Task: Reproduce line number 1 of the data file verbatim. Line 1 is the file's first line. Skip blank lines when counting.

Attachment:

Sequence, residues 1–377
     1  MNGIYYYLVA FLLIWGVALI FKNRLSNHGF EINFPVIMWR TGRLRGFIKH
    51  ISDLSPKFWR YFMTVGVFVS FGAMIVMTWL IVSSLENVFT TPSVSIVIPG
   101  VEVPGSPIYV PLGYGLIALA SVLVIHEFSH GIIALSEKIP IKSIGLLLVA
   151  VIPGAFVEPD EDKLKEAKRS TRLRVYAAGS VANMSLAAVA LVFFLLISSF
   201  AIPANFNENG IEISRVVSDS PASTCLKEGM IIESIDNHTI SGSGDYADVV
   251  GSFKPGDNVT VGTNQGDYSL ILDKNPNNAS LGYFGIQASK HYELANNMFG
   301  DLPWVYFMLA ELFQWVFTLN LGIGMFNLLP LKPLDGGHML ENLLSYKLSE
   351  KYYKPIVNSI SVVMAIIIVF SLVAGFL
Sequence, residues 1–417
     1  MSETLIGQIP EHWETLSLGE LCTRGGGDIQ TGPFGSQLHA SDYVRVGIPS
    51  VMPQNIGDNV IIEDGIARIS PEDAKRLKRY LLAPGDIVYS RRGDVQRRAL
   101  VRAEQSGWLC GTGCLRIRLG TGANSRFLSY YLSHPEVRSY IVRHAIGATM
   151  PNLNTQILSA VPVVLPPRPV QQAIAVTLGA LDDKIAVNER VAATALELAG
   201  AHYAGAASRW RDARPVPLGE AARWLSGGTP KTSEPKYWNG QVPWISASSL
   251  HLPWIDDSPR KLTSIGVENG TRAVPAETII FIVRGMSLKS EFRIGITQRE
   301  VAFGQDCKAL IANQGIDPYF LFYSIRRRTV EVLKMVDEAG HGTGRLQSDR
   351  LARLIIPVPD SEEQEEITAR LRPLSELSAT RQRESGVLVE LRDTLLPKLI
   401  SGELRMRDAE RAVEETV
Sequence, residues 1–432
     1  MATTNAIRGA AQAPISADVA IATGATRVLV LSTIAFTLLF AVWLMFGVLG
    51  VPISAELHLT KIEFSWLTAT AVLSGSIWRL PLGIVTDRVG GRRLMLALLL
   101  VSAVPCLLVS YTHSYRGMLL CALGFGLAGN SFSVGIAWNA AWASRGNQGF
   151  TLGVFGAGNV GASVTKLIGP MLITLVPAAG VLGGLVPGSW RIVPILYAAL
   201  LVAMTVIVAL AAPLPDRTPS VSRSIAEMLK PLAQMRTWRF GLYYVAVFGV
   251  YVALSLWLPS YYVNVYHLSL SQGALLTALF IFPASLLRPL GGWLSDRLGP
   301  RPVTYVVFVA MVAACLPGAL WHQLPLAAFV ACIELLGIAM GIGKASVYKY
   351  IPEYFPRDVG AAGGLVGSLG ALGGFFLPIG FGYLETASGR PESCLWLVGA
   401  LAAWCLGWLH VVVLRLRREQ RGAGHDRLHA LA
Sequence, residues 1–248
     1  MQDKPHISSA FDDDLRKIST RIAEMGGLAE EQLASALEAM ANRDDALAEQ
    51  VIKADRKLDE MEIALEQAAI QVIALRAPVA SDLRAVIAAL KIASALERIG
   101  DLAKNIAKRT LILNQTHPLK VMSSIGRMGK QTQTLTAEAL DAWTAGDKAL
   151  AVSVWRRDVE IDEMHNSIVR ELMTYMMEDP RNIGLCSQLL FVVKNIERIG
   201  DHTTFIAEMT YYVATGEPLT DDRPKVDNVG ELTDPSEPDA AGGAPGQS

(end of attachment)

Sequence, residues 1–377